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P539 Outcome of acute severe ulcerative colitis in patients previously exposed to immunosoppressive therapy

S. Deiana*, S. Bagnoli, T. Gabbani, A.L. Inghilesi, N. Manetti, V. Annese

AOU Careggi, SOD Gastroenterologia 2, Firenze, Italy


Overall mortality of ulcerative Colitis (UC) is comparable to that of general population, but the acute severe flare of UC (ASUC) remains a life-threatening condition. Intravenous steroid course still represents the standard treatment, while cyclosporine (cys) and infliximab (IFX) can be used with similar efficacy in case of failure. Since few data are available for patients with previous immunosuppressive (IMS) therapy, we aimed in this study to evaluate the outcome of ASUC in our referral centre, with particular attention paid to patients previously exposed to IMS drugs.


We retrospectively collected data from 86 ASUC cases (32 females and 54 males, mean age 44.1 yrs, mean duration of disease 6,5 yrs), according to Truelove and Witt's criteria, consecutively admitted to our Gastroenterology Unit from January 2008 to September 2014. According to ECCO's Guidelines all ASUC patients were treated with a short course of iv. steroid and in case of failure they were treated with a rescue therapy with Cys or IFX if colectomy was not deemed necessary by the surgeon. All statistical analyses were done by the SPSS software. A P value less than 0.05 was considered statistically significant.


72 (83,7%) patients had an extensive colitis while only 8 (9,3%) were at first diagnosis. 39 patients were never treated with IMS (group A), while the remaining 47 had previous therapy, alone or in combination, with AZA (n=37), Cys (n=11) or IFX (n=27)(Group B). Patients of group B were significantly younger (40,9 yrs vs 47,9 yrs; p=0,05) and with a longer disease duration (8,5 yrs vs 4,8 yrs; p=0.02). 29 patients responded to steroids (33,7%), 15 underwent colectomy (17,4%) and 42 (48,8%) were switched to rescue therapy (14 Cys, 28 IFX), which failed in 4 patients requiring colectomy. The early (within 1 month) colectomy rate was 22,1, with a trend towards a lower response rate to steroids (25,5% vs 43,6%; p=0,10) and an higher need for colectomy (29,8% vs 12,8%; p=0,07), in group B compared to group A. During the follow-up period (19,5 months, range 1-72) further 10 patients underwent colectomy (5 for each group). The colectomy rate at the end of follow-up was 25.6% in Group A and 40.4% in group B (p=0.17)(33,7% in the entire cohort). The Kaplan Meyer probability to avoid surgery was 71,9% and 65,5% at 1 yrs and 71,9% and 55,4% at 2 yrs (p=0,30), for group A and B, respectively.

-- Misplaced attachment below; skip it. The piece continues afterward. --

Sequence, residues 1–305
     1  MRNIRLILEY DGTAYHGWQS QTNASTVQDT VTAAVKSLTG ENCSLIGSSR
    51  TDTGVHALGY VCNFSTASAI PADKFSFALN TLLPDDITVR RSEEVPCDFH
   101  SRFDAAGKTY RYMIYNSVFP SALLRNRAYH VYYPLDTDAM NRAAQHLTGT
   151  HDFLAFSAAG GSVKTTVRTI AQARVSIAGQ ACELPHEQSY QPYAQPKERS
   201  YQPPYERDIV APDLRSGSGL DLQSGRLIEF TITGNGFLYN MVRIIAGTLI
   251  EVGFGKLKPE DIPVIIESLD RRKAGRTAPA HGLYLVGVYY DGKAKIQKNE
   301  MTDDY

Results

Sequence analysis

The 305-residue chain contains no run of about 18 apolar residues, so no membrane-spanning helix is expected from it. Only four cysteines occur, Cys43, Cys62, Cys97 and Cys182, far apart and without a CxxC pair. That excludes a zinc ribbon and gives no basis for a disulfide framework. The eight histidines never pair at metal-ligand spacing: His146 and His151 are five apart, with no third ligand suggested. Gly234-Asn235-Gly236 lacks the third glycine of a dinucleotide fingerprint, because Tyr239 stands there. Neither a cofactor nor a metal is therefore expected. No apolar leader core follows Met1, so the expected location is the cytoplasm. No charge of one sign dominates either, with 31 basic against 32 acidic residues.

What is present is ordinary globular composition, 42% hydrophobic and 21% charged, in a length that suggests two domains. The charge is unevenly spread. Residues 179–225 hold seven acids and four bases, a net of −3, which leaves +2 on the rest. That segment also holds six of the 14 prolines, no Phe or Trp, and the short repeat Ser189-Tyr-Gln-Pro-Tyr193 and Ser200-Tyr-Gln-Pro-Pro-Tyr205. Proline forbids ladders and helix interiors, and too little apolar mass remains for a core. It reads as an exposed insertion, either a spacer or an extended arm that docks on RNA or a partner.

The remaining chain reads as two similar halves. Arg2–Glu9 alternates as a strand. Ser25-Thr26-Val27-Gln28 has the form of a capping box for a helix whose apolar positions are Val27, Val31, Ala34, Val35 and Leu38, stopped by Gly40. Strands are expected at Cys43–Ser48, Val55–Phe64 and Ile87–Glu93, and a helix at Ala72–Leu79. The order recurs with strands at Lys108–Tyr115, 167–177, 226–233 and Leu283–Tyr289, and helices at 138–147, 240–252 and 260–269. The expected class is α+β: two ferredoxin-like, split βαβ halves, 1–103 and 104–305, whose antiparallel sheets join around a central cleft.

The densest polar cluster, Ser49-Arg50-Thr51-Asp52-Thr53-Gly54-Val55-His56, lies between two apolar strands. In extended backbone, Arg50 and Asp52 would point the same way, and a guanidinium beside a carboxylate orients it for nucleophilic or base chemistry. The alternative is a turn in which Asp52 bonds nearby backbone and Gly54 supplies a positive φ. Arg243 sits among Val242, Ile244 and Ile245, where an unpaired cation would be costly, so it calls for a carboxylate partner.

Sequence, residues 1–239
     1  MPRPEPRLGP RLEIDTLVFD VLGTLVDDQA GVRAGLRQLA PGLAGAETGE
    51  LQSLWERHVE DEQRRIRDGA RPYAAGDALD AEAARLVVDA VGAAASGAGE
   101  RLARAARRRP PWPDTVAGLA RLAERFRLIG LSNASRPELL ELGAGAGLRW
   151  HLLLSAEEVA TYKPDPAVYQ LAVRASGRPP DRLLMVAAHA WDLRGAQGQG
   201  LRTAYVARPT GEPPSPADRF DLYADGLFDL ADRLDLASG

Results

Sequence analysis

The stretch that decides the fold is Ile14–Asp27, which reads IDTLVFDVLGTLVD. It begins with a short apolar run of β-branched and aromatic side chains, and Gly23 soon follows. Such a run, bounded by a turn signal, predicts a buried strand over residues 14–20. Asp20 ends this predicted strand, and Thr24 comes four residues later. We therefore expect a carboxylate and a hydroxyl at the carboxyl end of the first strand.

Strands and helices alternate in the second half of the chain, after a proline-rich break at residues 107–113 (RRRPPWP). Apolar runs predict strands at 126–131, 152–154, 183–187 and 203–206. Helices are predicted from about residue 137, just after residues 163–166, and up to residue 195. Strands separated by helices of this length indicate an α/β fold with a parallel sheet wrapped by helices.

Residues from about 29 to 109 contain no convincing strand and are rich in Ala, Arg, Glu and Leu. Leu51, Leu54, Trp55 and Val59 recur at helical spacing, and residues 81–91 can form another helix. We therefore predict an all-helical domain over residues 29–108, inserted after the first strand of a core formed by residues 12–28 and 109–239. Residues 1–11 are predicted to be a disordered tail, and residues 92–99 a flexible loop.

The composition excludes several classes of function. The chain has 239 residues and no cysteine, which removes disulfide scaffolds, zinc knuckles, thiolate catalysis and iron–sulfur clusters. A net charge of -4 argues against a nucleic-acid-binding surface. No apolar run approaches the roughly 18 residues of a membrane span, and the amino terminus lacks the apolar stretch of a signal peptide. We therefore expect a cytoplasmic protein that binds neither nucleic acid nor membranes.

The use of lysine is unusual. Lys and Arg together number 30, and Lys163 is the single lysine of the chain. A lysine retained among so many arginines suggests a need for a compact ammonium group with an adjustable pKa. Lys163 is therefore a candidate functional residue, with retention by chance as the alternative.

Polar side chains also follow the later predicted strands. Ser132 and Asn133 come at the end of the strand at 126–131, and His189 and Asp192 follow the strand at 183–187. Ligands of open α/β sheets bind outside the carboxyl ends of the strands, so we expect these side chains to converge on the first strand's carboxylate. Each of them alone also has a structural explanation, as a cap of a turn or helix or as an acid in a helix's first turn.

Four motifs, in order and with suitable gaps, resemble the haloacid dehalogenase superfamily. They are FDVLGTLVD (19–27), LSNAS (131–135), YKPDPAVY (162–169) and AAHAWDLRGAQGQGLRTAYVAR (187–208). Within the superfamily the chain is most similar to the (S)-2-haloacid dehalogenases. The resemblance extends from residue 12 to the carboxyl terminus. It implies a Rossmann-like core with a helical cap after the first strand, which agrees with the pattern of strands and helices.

Patients with previous IMS therapy have a trend towards lower response to steroid treatment compared to IMS naïve patients, but the response rate to rescue therapy remains satisfactory, with similar need for colectomy.